As we pursue our roving retirement around the world, we periodically indulge in a cooking or tasting class to further understand what a given locale has to offer. We have enjoyed learning about Italian, Balinese, Mexican, and Thai cuisine, so it felt like a given to try more cooking and tasting experiences during our extended stay in Paris.
French Sauce-Making Class
I love sauces; I put them on everything. It’s a bit of a joke in our family. French cuisine revolves around sauces, so I was compelled to find a sauce class to begin improving my game. We opted for a class at Cook’n With Class and it was very good.
A key aspect of French cooking is the concept of a Mother Sauce, i.e. a sauce that can be used as a base for derivative sauces. We used brown chicken stock to make Bordelaise and sweet ‘n sour sauces, fish stock to make velouté and sorrel sauces, mayonnaise to make herbed mayo, and Hollandaise to make Maltaise sauce. It was fascinating to see how minor variations could have such large impact on consistency and taste.
Our class went through techniques and tricks for getting results. Our instructor was committed to his craft. He even related a story about how a debate led to a cookoff with a friend over how best to incorporate the oil into eggs to make mayonnaise. The handmade mayo was amazing, but I would need to use a machine. I lacked the dexterity to execute the sauce manually. Another surprise was peeling grapes to make the sweet and sour sauce. I probably wouldn’t try that often either, if ever again.
We got to sample all of our sauces with fish, chicken, and potatoes. A lovely, sauce-driven lunch. Honestly, although this was an entry-level class, I could barely keep up. All the other students seemed to have better skills. Another pass at this class is probably in order. I can’t think of a better subject for summer school.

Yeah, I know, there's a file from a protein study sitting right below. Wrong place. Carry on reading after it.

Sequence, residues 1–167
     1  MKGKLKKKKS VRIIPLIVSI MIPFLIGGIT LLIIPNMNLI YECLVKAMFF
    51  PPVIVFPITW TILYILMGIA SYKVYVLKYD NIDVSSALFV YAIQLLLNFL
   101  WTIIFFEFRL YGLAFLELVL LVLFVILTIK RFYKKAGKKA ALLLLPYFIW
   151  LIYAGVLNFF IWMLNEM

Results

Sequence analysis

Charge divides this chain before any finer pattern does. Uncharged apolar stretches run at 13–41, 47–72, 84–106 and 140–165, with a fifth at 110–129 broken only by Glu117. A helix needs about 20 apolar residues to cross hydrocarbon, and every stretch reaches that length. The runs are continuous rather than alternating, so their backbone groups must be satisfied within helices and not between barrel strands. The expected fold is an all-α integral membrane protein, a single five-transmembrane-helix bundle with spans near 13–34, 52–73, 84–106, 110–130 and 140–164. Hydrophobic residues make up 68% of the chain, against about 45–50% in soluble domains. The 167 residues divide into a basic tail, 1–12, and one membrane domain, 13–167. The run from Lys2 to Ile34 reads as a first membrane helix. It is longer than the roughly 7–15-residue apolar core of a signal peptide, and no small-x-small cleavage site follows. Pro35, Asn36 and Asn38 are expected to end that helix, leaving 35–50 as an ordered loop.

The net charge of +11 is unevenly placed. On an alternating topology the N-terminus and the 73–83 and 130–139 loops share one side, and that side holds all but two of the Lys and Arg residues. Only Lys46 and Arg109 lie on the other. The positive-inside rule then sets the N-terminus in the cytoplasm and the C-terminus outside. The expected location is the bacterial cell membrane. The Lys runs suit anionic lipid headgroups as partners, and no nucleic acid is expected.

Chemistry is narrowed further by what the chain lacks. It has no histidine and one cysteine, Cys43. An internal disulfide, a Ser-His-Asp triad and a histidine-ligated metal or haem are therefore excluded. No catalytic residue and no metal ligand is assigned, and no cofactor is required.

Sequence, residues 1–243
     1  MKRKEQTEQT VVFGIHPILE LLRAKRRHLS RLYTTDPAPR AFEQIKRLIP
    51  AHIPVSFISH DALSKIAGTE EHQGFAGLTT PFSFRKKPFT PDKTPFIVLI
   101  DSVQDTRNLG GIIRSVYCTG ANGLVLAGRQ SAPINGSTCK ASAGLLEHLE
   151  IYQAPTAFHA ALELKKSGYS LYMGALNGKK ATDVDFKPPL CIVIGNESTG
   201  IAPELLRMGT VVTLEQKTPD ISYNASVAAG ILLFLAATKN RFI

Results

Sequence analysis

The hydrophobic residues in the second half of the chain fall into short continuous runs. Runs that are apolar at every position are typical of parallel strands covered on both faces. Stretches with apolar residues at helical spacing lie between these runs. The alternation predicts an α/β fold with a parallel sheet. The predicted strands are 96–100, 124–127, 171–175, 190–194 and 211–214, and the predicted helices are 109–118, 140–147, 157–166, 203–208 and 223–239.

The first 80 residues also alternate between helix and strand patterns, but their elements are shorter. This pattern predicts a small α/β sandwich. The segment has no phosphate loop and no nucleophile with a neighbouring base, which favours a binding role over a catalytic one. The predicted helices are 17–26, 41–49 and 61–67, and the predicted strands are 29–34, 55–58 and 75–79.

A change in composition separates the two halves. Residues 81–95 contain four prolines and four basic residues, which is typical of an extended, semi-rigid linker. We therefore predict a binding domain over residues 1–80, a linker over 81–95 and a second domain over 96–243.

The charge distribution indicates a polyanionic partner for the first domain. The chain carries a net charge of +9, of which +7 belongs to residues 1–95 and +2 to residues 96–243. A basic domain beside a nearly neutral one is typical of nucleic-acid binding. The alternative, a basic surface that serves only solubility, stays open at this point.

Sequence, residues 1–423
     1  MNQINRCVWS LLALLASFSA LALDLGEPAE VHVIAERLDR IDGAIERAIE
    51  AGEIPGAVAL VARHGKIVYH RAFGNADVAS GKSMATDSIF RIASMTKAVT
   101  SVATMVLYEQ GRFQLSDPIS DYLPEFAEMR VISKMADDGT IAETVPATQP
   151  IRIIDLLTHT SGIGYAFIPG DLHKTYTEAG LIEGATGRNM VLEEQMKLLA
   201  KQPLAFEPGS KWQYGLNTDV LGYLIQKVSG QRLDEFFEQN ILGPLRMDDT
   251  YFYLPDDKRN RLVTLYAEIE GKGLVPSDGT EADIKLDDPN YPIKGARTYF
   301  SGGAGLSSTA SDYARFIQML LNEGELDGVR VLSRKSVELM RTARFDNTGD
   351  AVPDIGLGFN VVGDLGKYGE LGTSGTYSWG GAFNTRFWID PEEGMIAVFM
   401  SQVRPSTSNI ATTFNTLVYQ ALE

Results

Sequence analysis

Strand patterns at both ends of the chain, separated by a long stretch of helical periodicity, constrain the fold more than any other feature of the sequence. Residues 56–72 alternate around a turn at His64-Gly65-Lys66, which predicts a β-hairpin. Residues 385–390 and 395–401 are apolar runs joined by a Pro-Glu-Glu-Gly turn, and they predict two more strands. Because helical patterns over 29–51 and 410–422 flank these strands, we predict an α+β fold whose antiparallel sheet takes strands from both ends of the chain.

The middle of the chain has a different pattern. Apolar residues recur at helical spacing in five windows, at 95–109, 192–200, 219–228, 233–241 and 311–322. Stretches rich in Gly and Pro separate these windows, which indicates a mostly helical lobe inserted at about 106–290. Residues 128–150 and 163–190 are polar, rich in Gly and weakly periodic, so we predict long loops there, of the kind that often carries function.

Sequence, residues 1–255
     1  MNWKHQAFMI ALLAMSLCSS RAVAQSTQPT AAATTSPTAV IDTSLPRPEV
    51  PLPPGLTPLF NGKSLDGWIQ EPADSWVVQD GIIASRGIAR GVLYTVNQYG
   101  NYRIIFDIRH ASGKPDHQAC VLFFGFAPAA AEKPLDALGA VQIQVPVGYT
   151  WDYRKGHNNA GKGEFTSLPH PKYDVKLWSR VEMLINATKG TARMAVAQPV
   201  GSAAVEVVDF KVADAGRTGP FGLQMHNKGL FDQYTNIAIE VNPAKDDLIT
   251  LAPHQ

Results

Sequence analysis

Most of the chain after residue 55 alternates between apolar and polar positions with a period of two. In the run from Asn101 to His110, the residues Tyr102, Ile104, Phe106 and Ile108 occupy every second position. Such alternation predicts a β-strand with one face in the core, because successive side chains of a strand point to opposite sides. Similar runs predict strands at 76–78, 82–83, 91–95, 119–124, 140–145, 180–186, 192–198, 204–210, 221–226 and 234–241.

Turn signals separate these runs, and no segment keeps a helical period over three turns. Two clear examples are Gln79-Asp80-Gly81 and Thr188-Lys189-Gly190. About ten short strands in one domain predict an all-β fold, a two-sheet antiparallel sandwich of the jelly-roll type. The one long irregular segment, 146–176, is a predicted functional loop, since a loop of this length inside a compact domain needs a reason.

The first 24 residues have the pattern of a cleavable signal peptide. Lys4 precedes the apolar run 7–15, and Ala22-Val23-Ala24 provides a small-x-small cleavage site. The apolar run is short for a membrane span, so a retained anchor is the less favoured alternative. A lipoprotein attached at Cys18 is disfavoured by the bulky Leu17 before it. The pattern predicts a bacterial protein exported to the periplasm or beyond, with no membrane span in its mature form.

Croissant Making Class
Having enjoyed prior pasta-making classes, Diana was very interested in taking a croissant class and I decided to join her. Again, Cook’n with Class was up to the challenge. Chef Sarah was equally committed to her craft and made the experience approachable and enjoyable. Similar to the concept of a mother sauce, our croissants were driven by creating base dough with a lot of butter incorporated into layers. The whole process takes 3 days. Of course, we did it all in a morning using dough created by the last class, just as we made dough for the next.
Day 1 is simply about weighing out the flour and incorporating enough water to form a dough. After a spin in the mix master, form a ball and throw it in the fridge to proof overnight.
The work for Day 2 isn’t long. You simply roll out the dough in a fairly precise rectangle with uniform thickness and spread a thick layer of butter. Then you fold the dough on top of itself and roll it out again twice. Just twice is enough to create those flaky, buttery layers that make croissants the cat’s meow.
Put the dough back in the fridge to rest overnight.
Day 3 involves rolling out the dough in a rectangle once more. Simply cutting and rolling the dough into a crescent and baking for a short time is enough to yield awesome croissants. We also made a number of fillings and formed the dough into a variety of shapes to make the following pastries: croissant, pain au chocolate, Kouign-Amann, pain au raisins, roulé framboise (raspberry roll), and pain Suisse (a twisty pastry with pistachio cream).